The logical solution would be to buy a bike rack, but I didn’t want to risk scratching my car.
So I bought a used car to transport my mountain bike. Instead of spending $250 on a bike rack, I spent $5,000 on a car. Add in the annual maintenance, insurance and gas expenses, and this was a whopper of a dumb idea!
Describe your upbringing. Where did you grow up? What did your parents or teachers teach you about money?
I grew up in rural Pennsylvania in a small town. We were middle class, where my Dad worked a factory job and my Mom stayed home to raise my sisters and me. She eventually went back to work after I started middle school.
Growing up, money was never an issue, but that doesn’t mean we didn’t get everything we wanted. My parents were very frugal and put off buying themselves things in order for my sisters and me to have what we needed.
I remember going to JC Penney for school clothes in August and not being able to get all the clothes I wanted, but getting the clothes I needed.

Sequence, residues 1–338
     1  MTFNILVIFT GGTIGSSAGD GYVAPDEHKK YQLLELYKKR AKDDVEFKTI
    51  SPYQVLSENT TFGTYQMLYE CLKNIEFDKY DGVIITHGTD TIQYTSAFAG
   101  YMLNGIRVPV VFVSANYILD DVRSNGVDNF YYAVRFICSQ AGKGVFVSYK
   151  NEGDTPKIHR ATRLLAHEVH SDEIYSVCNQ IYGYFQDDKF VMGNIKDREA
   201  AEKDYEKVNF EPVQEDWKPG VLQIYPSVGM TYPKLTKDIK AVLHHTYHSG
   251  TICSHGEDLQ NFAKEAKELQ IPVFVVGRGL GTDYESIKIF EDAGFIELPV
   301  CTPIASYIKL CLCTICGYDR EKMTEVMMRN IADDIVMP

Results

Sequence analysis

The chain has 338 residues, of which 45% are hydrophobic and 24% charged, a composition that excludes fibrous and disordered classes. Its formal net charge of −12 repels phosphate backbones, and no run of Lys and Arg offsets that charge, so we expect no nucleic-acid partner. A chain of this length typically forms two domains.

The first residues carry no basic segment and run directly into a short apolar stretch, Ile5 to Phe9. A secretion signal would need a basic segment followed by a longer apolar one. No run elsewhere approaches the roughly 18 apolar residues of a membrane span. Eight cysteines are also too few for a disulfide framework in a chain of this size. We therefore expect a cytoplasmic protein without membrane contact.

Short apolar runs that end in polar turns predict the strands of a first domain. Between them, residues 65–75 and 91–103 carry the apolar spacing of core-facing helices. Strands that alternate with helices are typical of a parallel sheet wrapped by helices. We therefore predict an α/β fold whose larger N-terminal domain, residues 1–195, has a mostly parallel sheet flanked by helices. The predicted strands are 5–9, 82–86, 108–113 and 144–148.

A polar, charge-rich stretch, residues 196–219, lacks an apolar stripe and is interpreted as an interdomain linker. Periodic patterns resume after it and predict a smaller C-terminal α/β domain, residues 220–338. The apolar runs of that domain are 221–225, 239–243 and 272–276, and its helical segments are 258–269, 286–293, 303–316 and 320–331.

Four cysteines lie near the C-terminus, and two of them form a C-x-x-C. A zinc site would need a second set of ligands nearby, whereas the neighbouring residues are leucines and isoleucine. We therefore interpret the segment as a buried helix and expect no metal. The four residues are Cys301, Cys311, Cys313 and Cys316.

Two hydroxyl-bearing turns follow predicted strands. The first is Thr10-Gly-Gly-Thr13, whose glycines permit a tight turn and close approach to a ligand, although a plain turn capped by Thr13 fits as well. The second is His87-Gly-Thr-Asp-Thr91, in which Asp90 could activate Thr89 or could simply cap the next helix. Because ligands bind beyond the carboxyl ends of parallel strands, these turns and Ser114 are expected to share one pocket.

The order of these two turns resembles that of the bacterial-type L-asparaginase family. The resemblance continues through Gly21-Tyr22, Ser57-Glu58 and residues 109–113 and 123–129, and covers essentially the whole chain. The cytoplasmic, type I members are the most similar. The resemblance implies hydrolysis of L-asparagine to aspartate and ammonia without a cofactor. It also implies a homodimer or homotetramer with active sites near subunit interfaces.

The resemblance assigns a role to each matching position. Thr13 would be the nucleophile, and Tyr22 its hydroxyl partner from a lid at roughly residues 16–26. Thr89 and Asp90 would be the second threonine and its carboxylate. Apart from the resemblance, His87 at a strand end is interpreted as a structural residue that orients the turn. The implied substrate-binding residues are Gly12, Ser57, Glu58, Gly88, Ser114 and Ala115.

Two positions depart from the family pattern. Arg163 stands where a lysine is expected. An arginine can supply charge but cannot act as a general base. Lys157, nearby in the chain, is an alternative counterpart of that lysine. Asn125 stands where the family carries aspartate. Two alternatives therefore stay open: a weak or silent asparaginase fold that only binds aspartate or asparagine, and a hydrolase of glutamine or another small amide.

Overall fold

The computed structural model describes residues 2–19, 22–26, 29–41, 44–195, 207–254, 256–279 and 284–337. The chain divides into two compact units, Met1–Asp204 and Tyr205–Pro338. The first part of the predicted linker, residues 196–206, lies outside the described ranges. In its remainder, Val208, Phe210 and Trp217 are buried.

We did chores to learn about the importance of work and earned a small allowance from it.
If there was something we wanted to buy, we had to save up to buy it. I remember wanting a Nintendo when it first came out and I had to buy it myself.
Saving $100 seemed impossible to me and then spending that amount of money made me question my decision. In all there were lessons learned throughout the experience.
My parents also instilled the importance of saving in us. I can remember going to the bank on Friday nights and depositing $0.50 into my savings account.
I think the greatest joy my parents have for us is that while neither of them went to college, all 3 of their kids not only graduated from college but also earned graduate degrees as well.